Xbox One X is the new console by Microsoft, going for 499$ or £449. Compared to the previous Xbox One, it delivers 4K HDR at 60 fps, on the titles offering such definition, while also allowing you to play anything you were playing on your former console.
Free updates are scheduled for most games, updating their visual qualities so to really make the most out of your Xbox One X. Tomb Raider, Star Wars Battlefront II, Gears of War 4, are all either been updated or going to be updated soon, depending on when you’re reading this review, together with around 200 games in total.
4K is also offered for Netflix, YouTube and Amazon Prime Video. It’s the only console with a 4K Blu-ray player, and everything is Dolby Atmos compatible.
Is this enough to justify an upgrade from S to X, when the former one goes for 279$ while the latter for almost twice as much? No, not really. Especially when you consider that the Xbox One S works in upscaled 4K, which is not that different from native 4K, also depending on your TV quality.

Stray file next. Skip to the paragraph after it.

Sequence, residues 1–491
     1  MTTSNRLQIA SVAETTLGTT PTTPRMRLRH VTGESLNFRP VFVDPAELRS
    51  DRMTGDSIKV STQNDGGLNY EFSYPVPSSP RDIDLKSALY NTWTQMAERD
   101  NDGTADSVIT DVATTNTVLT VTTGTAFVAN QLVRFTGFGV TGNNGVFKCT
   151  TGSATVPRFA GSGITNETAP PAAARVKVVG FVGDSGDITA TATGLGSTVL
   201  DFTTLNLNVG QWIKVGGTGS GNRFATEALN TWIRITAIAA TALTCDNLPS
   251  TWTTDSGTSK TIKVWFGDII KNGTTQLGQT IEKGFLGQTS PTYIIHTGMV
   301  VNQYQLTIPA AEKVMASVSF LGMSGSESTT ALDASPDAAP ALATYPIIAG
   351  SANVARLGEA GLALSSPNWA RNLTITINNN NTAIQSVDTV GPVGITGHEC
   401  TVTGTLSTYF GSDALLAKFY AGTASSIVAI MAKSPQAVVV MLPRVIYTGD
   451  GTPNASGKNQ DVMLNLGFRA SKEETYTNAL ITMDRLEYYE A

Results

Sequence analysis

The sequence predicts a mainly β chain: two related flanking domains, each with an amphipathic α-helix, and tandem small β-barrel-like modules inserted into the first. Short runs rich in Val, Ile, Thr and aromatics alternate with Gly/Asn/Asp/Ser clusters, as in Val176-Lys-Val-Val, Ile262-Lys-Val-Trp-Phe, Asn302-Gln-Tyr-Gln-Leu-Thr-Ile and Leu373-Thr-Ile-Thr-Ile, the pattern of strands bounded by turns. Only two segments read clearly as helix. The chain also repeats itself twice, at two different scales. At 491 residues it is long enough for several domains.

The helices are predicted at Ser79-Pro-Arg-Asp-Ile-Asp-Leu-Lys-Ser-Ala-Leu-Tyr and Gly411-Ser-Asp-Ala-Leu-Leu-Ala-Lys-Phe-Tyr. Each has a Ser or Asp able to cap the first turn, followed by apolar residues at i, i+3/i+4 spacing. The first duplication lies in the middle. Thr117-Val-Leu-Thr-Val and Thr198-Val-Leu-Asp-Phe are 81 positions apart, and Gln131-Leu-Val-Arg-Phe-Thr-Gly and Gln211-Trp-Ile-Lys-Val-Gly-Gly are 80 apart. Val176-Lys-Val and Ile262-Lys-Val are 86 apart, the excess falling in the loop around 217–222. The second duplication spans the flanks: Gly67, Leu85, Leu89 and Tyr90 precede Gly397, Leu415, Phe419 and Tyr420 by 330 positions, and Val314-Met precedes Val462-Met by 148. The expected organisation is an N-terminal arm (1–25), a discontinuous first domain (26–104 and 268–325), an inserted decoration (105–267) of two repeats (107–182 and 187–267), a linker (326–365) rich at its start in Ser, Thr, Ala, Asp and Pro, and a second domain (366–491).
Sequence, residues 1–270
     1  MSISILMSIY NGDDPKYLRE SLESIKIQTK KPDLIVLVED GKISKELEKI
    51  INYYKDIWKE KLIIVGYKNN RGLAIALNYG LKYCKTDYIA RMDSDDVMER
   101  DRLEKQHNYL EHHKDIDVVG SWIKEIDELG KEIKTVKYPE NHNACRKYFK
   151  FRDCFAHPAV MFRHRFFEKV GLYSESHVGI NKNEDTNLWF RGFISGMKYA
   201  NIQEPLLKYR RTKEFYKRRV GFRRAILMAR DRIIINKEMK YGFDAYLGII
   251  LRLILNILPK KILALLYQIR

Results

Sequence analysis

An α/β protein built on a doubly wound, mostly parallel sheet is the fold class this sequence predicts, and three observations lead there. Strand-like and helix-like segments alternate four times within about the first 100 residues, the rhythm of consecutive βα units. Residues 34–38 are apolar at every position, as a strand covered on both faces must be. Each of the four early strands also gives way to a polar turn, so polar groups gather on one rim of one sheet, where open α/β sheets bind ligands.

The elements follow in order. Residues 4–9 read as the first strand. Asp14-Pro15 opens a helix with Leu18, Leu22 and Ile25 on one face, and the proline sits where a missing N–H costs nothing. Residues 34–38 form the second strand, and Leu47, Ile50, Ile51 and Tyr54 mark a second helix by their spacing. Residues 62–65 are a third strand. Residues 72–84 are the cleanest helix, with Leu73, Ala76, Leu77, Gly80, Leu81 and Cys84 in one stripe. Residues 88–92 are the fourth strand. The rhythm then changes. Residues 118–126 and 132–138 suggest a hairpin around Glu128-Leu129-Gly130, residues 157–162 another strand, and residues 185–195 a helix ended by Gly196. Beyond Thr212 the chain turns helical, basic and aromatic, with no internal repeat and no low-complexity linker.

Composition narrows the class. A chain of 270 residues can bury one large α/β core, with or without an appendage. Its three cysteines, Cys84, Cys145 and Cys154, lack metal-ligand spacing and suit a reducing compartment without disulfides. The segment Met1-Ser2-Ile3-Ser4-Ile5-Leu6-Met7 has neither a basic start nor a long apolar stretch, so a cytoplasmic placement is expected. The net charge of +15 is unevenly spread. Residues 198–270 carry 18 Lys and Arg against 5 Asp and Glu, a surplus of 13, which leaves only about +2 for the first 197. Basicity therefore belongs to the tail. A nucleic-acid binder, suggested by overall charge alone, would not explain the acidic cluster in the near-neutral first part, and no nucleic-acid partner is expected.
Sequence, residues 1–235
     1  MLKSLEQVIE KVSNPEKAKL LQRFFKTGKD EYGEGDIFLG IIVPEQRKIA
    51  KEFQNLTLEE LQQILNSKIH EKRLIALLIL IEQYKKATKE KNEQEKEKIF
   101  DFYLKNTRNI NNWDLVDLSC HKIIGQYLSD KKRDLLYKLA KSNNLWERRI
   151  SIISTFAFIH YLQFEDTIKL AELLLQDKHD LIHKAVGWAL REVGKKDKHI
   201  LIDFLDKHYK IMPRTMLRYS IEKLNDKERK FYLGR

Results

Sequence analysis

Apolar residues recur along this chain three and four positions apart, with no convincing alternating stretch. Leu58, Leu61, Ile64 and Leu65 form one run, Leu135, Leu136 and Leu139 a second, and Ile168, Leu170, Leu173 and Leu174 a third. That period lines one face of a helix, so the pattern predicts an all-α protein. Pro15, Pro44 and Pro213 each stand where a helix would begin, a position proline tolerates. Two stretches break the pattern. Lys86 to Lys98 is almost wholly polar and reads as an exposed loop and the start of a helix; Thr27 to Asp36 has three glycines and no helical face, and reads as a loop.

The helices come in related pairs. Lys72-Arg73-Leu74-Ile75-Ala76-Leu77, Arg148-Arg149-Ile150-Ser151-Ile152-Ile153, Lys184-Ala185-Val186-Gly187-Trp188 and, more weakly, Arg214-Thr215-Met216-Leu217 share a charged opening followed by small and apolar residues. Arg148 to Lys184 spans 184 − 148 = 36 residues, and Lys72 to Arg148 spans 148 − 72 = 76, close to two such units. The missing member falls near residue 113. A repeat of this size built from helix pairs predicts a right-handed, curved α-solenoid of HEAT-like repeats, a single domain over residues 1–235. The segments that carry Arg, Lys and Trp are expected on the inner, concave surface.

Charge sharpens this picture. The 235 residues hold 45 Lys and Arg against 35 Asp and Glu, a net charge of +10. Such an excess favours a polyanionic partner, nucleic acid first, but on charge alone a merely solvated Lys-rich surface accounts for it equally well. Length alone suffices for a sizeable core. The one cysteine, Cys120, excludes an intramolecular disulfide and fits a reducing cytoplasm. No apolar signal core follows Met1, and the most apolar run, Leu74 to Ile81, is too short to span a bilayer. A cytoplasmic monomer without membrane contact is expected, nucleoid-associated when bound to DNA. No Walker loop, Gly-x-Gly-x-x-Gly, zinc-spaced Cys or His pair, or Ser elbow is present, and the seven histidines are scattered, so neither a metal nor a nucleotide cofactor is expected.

The 1TB hard drive isn’t big enough when considering that a 4K videogame in your library might even take up to 100GB, while the Design hasn’t really changed much, as we’re mostly looking at a different color on a very similar console.
Xbox One X comes with an eight-core CPU, 2.3Ghz, which is an impressive update from its predecessor, but the 12GB of GDDR5 RAM are split between system and GPU. Nevertheless, it is more powerful than its competitor, the PS4 Pro, resulting in fantastic gaming experience and stunning visual quality.
Even if you do not own a 4K TV, the Supersampling rendering of the image will improve your experience, but it might not be worth the upgrade, investing in a 4K console to have an improved 1080p experience. If you do have a 4K HDR TV set, then the Xbox X could be a great choice and grant you a visual experience like no console before, and nothing you can see from competitors in the market. Colors are going to look a lot more vivid and, though sometimes games might not make the most of the 60 fps feature, dropping to 50 or 55, it still will make for a very fluid visual experience.
The new interface feels like a mix between Xbox 360 and Window 10, with all tabs separated neatly, and easy to navigate. You’ll find rows on the Home screen, with games and apps you’re particularly keen on, but won’t easily find friends lists or settings, which are relegated to the Xbox Help Bar in the Xbox jewel.
Ultimately, the Xbox One is a good upgrade, visually, but only worth spending on it if you really have a TV that’ll make it stand out, thanks to 4K HDR. Even when you don’t play it on such a device, it’ll still make your experience more fluid and visually stunning, but it might not be worth the investment, at least not until a 2TB option becomes available.